Probably two weeks ago we Blazer fans would have watched Portland get basically handled (even though the score didn’t really look like a blowout the Blazers never really competed in this one) by Oklahoma City and we would have flipped out at least a little.
It’s my contention that Portland matches up pretty well with Oklahoma City, and that games against the Thunder tend to bring out the best in the Blazers. It always hurts a little more to a team that some may consider Portland’s chief rival.
Time’s have changed. I think it’s safe to say that Sunday was not the best the Blazers had to offer. The defense was inconsistent, or to be honest not really even there most of the time, the shooting wasn’t great, key free throws were missed, back breaking turnovers were made. Those are all things that coach Kaleb Canales will have to deal with. But now, I don’t think it’s fair, or in the best interests of anybody, to make too much of a big deal about it.
This wasn’t the blowout I thought Portland would take in Chicago, but it’s still should give a pretty good indication of what we can expect in the 21 games that we have left to
suffer through watch. When the Blazers beat the Thunder in Oklahoma City, one of the primary factors was the play of Gerald Wallace on Kevin Durant, on both the offensive and defensive ends of the floor. Wallace made Durant work on defense, and he made Durant work on offense, that’s the way you beat one of the best offensive players in the league. KD isn’t a fantastic defender (to get his first MVP he’ll have to become a LeBron level ball stopper), and when a guy makes him work on the defensive end it can take the air out of his offense.
With Crash out of out the picture, Durant wasn’t required to do too much work on defense, leaving him open to torch Portland with his offense. KD’s offense was joined by Russell Westbrook’s offense, and just for good measure, James Harden offered a little bit of offense too. That’s the formula for the Thunder. When those three guys are clicking, like they were Sunday night, they’re tough to beat. Even the best of this season’s Blazer roster on its best night wasn’t going to beat OKC too often.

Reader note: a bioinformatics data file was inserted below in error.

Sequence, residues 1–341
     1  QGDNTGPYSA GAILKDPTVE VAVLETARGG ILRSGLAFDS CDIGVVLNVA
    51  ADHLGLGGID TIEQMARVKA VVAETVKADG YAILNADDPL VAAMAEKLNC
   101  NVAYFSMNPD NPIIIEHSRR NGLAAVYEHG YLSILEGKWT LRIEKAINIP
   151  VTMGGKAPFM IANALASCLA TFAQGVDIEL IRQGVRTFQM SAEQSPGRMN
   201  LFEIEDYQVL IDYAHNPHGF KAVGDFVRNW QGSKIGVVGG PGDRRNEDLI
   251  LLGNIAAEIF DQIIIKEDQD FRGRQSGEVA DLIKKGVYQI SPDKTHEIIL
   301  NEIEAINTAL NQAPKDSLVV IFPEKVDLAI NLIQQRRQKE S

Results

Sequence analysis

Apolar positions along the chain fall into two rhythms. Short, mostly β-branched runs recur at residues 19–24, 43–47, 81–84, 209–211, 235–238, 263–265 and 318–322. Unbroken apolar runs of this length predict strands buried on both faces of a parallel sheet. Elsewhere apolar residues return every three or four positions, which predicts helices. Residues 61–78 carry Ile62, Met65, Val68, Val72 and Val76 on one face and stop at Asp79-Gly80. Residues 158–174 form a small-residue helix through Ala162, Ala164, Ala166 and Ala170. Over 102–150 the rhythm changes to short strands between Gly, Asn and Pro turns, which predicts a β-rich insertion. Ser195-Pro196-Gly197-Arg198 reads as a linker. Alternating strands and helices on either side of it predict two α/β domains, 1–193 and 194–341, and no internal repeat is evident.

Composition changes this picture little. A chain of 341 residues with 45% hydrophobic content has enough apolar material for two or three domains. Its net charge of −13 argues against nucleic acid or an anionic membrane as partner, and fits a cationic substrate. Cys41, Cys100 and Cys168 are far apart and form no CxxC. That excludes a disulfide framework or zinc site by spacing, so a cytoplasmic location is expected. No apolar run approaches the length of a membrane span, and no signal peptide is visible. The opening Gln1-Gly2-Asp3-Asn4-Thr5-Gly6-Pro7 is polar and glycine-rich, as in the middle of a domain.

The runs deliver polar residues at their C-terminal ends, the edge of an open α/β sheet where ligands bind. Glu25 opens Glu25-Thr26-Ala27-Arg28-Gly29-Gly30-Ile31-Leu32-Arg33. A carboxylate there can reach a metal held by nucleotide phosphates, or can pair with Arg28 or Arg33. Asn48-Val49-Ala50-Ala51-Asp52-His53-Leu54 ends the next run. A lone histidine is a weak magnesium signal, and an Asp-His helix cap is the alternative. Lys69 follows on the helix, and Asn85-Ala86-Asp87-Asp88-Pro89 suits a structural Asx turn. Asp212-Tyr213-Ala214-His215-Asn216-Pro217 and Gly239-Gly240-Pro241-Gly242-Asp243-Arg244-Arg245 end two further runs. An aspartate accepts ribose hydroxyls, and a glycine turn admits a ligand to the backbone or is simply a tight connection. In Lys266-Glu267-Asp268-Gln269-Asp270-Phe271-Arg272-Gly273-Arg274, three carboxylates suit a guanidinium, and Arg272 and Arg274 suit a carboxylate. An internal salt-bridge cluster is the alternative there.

For me, the rest of this season is going to be about player development and a little bit of consistency. Thinking that way, what can be taken away from Sunday? Well, to be honest, not a whole lot. Here’s my opinion. Right now the Blazers are hurting for offense. Sunday was no different. What Portland can learn from this loss is that SOMEBODY is going to have to step up and score other than LaMarcus Aldridge. Sunday, LA’s shot was not falling, and there just wasn’t enough offense to close the gap. If the Blazers are going to win any significant number of games over this stretch run they’re going to need some scoring. Time for Luke Babbitt or Nolan Smith or somebody like that to put together back-to-back games of scoring the ball.
Portland could work on defense too, of course. And to be honest maybe defense is what the Blazers should focus their energy on. Good defense isn’t as hard to put together as good offense. Maybe if Portland puts all their collective energy in stopping their opponents from scoring, their points will come a little easier. You never know.
As for consistency. There is going to be a new twist every night. That’s what happens when you overhaul the way Portland did. Eventually advance scouts will get wise on the ways of Nolan Smith, Luke Babbitt too, or how Hasheem Thabett plays in the pick and roll with Jonny Flynn (get ready for that everybody), and if the Blazers are going to want to be able to at least compete they are going to have to change up. Change up without losing too much ground. That will be the measure of the Blazers’ consistency.
OK, it’s over now. Portland’s home for eight of their next ten. With the home crowd behind them and this roadie now officially over we can all get one step closer to moving on. In this next stretch, I’m hoping the Blazers will beat some bad teams, and maybe get lucky and pull off another Chicago-esque upset. At least if that were to happen we could do the really fun thing of speculating about the Playoffs until the math says we should probably stop.
Tuesday Portland is back in the Rose Garden to face the new(ish) look Milwaukee Bucks.
Just one thing:
- I watched the ESPN broadcast, and at one point they did a cut-away interview with James Harden in which he talked about his beard. The NBA has become a branding machine. Every player is trying to become a brand, guys like LeBron James and Kevin Durant have been pretty successful. Kobe Bryant had been an incredible brand. Shaq is probably the best NBA brand, although everybody would probably say the best NBA brand has been and always will be Michael Jordan. I think Shaq out-brands MJ just because he’s been able to be so many things while still being Shaq. MJ’s always been MJ and will always be MJ. It’s a great brand, one of the best ever, but it’s very one dimensional. Nobody will ever buy the Michael Jordan Kung-Fu video game or listen to MJ’s third rap album. When asked about his beard, Harden said that he hadn’t thought about shaving it in at least a year and a half, you could almost hear him say, “are you kidding me, the beard is the brand.”
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